I must admit that I am not overly fond of rehashing or going over the Viet Nam war. I seriously find it too painful. I remember those troubling years where we were involved in a war we had no business being in and where history, itself, showed us how fruitless it was. We went in and repeated the mistakes of France.
I went to school in Ohio and the Kent State shooting happened during my freshman year. My Ohio University campus was hit hard by rioting and the National Guard as well and after the Kent State event, we were given less than twenty-four hours to take our belongings home.
It was also a class war, a war in which often our poorest portion of the population was pretty much forced into it. I recall, with horror, seeing my Draft number, something put out to conscript for the military, and realizing that my number was not a good one. With a number like that, had I not been in college with a deferment, I would have been taken into a war that I did not agree with on so many levels. The number system was based on your birthday. They threw capsules representing all the days of the year in the hopper and pulled out days. I would have most assuredly been called. But when I graduated in 1969 from high school, I set off for college, where I remained until 1975 (BA, MA) and thus managed to avoid the draft, which ended, like the Viet Nam war, in 1975.
This brings me to Vietgone, a play that just opened for preview in Glencoe, Illinois at Writers Theatre. The play was magnificent and I was ready to deal with my feelings on the matter.
Reading the playbill, I realize that there was some concern for the play as to how the people in the area would find the subject and the intense use of words like mother f****r.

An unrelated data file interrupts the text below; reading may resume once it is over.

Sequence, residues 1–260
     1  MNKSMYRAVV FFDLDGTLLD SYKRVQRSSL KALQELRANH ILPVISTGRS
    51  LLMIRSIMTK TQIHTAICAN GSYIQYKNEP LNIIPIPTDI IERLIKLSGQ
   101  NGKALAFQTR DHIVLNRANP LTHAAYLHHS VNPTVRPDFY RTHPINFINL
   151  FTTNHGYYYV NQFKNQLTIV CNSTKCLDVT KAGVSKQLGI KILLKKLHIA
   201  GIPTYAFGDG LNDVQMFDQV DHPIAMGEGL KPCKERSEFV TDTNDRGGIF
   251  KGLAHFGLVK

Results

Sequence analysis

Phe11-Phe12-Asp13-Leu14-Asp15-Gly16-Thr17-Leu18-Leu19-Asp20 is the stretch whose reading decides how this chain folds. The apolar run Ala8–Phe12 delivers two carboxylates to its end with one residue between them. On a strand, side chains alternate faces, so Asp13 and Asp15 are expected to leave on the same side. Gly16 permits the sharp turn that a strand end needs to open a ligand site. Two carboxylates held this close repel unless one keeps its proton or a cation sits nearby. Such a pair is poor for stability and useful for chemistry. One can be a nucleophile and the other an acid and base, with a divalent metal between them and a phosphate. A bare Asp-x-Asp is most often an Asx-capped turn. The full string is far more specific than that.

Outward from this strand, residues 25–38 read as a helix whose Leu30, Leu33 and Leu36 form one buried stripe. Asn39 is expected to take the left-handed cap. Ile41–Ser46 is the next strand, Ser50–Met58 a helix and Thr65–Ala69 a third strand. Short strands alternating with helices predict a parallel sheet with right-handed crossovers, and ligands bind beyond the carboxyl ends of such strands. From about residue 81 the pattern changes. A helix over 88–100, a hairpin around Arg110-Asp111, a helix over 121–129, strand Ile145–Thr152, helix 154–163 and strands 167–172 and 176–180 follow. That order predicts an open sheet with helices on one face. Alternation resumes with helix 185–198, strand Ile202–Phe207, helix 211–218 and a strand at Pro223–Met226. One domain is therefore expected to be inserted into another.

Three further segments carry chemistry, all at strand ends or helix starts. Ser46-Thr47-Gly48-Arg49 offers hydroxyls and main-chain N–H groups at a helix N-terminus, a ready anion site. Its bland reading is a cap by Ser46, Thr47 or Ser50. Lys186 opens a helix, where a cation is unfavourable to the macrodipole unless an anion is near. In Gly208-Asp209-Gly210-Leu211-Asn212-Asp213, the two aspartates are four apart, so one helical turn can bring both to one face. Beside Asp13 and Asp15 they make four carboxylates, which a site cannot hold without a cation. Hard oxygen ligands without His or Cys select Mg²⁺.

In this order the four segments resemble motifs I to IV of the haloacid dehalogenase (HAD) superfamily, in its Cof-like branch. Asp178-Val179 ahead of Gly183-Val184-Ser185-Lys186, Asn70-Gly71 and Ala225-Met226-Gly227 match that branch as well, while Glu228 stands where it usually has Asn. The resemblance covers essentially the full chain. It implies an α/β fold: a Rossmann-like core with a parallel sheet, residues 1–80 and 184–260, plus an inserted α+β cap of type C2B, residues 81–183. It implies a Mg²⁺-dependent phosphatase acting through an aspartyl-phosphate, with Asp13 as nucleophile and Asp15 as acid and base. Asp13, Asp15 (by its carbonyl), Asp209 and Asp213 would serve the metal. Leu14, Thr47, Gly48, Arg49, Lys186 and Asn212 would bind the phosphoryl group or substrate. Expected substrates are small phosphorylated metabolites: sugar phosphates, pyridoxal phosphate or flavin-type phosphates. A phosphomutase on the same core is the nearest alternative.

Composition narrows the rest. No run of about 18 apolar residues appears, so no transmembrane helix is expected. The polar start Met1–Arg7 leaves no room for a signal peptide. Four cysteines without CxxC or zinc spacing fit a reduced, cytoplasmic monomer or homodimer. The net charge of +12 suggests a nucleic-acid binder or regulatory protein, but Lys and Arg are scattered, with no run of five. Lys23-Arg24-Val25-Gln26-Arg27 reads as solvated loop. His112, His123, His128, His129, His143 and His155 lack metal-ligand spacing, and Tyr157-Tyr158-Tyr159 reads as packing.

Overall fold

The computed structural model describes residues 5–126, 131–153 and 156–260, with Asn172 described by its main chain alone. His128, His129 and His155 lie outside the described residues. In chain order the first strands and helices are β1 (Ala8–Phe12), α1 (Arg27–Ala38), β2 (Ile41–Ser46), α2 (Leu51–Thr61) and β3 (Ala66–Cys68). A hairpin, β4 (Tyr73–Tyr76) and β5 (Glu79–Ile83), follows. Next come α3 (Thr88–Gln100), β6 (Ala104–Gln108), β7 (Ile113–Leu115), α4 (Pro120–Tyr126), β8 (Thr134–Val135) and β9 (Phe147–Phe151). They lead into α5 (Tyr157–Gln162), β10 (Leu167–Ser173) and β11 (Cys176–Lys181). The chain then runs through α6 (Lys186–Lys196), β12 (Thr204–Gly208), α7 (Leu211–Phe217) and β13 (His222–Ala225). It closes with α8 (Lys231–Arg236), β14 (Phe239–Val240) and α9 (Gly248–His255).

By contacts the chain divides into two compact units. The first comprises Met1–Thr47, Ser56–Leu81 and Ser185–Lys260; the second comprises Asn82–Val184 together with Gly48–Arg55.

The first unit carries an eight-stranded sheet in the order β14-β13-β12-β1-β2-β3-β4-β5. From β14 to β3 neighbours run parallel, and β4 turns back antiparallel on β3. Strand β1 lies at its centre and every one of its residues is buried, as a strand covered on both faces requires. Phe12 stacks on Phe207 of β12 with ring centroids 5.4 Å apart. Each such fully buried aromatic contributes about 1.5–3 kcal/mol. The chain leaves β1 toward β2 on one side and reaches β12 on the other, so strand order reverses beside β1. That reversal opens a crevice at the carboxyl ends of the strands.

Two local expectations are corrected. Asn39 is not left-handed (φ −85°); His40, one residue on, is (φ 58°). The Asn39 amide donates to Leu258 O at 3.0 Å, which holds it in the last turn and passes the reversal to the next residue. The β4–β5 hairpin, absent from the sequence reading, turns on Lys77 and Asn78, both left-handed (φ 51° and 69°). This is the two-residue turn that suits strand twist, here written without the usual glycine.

In the playbill, it says the following: “You should be prepared to laugh; to be taken on a wild road trip; to embrace a deliciously theatrical storytelling vocabulary.” It was on point.
The Play was written by Qui Nguyen and directed by Lavina Jadhwani.
The cast (often in multiple roles):
Tong – Aurora Adachi-Winter
Asian Guy/American Guy/Nhan/Khue – Rammel Chan
Asian Girl/American Girl/Thu/Huong/Translator/Flower Girl – Emjoy Gavino
Playwright/Giai/Bobby/Captain Chambers/Redneck Biker/Hippie Dude – Ian Michael Minh
Quang – Matthew C. Yee
The play is very entertaining and delves into all sorts of aspects of the American Culture going back to the American departure from Viet Nam in 1975 to the present as well as our dealings with the Vietnamese and their relationship to America, Americans, and the American culture.
Every emotion affecting the Vietnamese being forced to leave seems to have been covered. Some reactions were almost surprising to me as the play makes you realize that everyone has a different way of reacting to things. There is joy and there is sadness and for all sorts of reasons.
There is rap in the play, somewhat akin to what you find in ‘Hamilton’ and for those who fear not understanding, that is not an issue.
The language is colorful but it definitely belongs in the play.
This is a brilliant way for an American by name of Qui Nguyen, who was raised in Arkansas of all places, to bring a true personalization of the whole experience to our eyes.
This is a must see and a no dozing kind of play.